Graduate Assistants United

Members of Graduate Assistants United met with UF’s chief bargainer, Bill Connellan, over five months in 2019 to negotiate the terms of their contract. The agreement to waive transportation and health fees for graduate assistants was the first of its kind in Florida, said Stephen Phillips, the union’s spokesperson.

After winning a battle for relief on fees, Graduate Assistants United is demanding that UF uphold its end of the bargain. 

GAU, a labor union, and the UF Board of Trustees agreed in August that the university would pay for all graduate assistants’ transportation and health fees. The agreement was supposed to begin Jan. 1 but has yet to take effect.  

As a result, the union filed a grievance with the university on behalf of its entire chapter Thursday. It asserts that the university has violated the collective bargaining agreement by withholding the fee relief and failing to provide a date by which it will be distributed, said Stephen Phillips, the union’s spokesperson.  

UF’s chief bargainer Bill Connellan said the delay is due to a technical difficulty within the university bursar. Once the issue is resolved, the grievance will be invalid, he said.

“It is absolutely not true that we violated the contract,” Connellan said. “We agreed to it, we’re doing it — there was a technical difficulty in implementing, and it’s being fixed.” 

Connellan wouldn’t discuss the nature of the technical difficulty, nor does he know when it will be solved.  

“I’ve been telling the union repeatedly: they [the bursar] are working to solve the issue,” he said. 

Because the university has yet to cover the fees, graduate assistants with financial aid saw the cost of the fees deducted from their loans, Phillips said. GAU is asking that those students be reimbursed.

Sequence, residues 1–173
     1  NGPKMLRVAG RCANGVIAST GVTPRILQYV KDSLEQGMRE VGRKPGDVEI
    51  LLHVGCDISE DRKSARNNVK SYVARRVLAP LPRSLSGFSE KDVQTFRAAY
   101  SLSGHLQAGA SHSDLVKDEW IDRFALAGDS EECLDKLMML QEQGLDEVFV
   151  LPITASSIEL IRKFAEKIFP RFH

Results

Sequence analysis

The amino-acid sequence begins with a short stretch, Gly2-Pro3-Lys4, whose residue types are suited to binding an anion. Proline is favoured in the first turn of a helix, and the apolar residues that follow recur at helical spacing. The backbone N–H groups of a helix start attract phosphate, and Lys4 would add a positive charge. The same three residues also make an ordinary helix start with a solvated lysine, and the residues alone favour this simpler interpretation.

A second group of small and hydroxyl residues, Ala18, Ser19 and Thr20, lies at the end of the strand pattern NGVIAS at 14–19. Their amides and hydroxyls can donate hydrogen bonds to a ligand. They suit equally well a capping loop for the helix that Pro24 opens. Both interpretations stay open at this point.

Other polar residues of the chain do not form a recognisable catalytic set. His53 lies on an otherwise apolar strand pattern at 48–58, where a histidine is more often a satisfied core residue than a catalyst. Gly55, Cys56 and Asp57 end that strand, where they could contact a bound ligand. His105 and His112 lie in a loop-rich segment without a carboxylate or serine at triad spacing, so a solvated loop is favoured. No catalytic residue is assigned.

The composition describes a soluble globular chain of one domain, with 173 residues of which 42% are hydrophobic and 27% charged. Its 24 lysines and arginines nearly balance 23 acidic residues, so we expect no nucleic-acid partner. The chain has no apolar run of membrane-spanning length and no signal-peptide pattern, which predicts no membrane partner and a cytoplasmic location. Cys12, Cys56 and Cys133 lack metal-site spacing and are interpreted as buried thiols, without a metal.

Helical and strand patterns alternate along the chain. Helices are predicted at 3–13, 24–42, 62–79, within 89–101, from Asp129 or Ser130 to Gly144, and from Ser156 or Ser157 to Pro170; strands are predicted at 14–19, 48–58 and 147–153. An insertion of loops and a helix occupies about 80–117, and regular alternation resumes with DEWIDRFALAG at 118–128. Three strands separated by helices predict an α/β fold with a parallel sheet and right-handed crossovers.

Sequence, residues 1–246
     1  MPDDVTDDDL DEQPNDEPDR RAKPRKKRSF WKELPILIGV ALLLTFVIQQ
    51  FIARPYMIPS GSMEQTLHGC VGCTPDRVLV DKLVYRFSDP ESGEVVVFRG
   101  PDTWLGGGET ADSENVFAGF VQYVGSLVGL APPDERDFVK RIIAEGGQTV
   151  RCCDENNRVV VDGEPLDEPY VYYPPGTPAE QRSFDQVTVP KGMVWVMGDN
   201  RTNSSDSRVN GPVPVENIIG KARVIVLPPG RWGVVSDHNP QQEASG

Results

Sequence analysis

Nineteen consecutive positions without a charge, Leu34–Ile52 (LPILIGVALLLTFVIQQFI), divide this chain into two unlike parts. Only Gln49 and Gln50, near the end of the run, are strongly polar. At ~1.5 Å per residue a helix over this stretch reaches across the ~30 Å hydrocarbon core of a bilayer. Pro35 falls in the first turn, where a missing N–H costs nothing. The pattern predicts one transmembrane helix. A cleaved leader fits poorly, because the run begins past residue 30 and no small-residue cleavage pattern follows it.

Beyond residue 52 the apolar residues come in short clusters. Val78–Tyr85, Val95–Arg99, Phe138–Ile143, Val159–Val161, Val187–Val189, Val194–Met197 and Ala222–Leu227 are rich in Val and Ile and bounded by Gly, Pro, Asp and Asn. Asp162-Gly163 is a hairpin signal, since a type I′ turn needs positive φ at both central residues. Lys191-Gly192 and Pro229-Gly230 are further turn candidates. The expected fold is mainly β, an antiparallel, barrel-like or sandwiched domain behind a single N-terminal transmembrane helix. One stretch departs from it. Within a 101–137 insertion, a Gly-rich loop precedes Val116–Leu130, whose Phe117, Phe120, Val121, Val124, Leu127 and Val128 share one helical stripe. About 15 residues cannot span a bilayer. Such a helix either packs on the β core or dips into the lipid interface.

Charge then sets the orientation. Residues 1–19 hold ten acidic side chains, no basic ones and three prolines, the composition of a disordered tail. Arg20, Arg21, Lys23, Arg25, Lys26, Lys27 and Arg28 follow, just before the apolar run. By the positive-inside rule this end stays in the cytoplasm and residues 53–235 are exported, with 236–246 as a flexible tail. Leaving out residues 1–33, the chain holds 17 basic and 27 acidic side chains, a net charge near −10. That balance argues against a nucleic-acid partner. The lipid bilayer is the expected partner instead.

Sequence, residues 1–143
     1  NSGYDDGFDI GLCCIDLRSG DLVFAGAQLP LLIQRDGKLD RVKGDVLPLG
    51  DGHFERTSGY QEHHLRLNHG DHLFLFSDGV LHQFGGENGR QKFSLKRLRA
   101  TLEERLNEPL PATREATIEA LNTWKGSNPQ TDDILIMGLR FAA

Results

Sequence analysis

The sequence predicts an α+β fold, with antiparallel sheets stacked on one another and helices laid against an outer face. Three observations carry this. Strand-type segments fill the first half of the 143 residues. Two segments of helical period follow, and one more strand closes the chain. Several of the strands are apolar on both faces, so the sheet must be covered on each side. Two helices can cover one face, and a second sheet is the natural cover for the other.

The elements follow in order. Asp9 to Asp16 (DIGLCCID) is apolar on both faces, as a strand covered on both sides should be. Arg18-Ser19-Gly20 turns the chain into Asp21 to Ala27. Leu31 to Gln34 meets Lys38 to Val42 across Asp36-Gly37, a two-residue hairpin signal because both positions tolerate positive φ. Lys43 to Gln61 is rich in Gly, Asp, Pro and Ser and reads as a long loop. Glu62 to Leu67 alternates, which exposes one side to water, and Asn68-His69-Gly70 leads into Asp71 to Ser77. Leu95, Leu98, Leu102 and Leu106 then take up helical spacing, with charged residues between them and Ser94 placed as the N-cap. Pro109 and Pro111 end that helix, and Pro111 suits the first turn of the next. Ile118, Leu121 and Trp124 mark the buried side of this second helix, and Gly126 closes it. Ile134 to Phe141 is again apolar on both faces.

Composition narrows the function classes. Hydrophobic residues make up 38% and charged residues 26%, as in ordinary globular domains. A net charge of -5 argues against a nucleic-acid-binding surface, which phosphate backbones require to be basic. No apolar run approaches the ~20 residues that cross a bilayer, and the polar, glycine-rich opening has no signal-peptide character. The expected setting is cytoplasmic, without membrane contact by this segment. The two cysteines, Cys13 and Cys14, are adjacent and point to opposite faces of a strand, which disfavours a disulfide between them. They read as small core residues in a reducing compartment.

The initial agreement was a major victory for graduate assistants and is the first of its kind in Florida, Phillips said. Once implemented, it will amount to a yearly savings of around $606 for the average assistant.

“Graduate assistants aren’t paid a lot of money to begin with,” he said. “This is something that’s really important to us.”

Jonathan J. Chiarella, a 33-year-old graduate assistant and organizing chair of GAU, said the burden of graduate assistant fees is one he feels every day. 

The salary he makes means choosing between visiting his family and paying his fees, he said. The car he drives is in need of major repairs; for now, he rides his bike.

“There are certain things my peers have done by this time,” Chiarella said. “I have friends who’ve settled into places with a career and home with a mortgage, a family.” 

Chiarella said he can’t plan or save for those kinds of milestones between his studies and duties as a graduate assistant, which he spends about 55 to 60 hours a week on. 

The promised fee relief would make a difference, he said. Without it, even small purchases such as new clothes or dishes are sacrificed to cover the cost of his assistantship. 

“I know wearing pants with holes in them might be fashionable, but if I have holes in my pants, it’s because I bought them like five years ago,” he said.

Contact Hannah Phillips at [email protected]. Follow her on Twitter @haphillips96.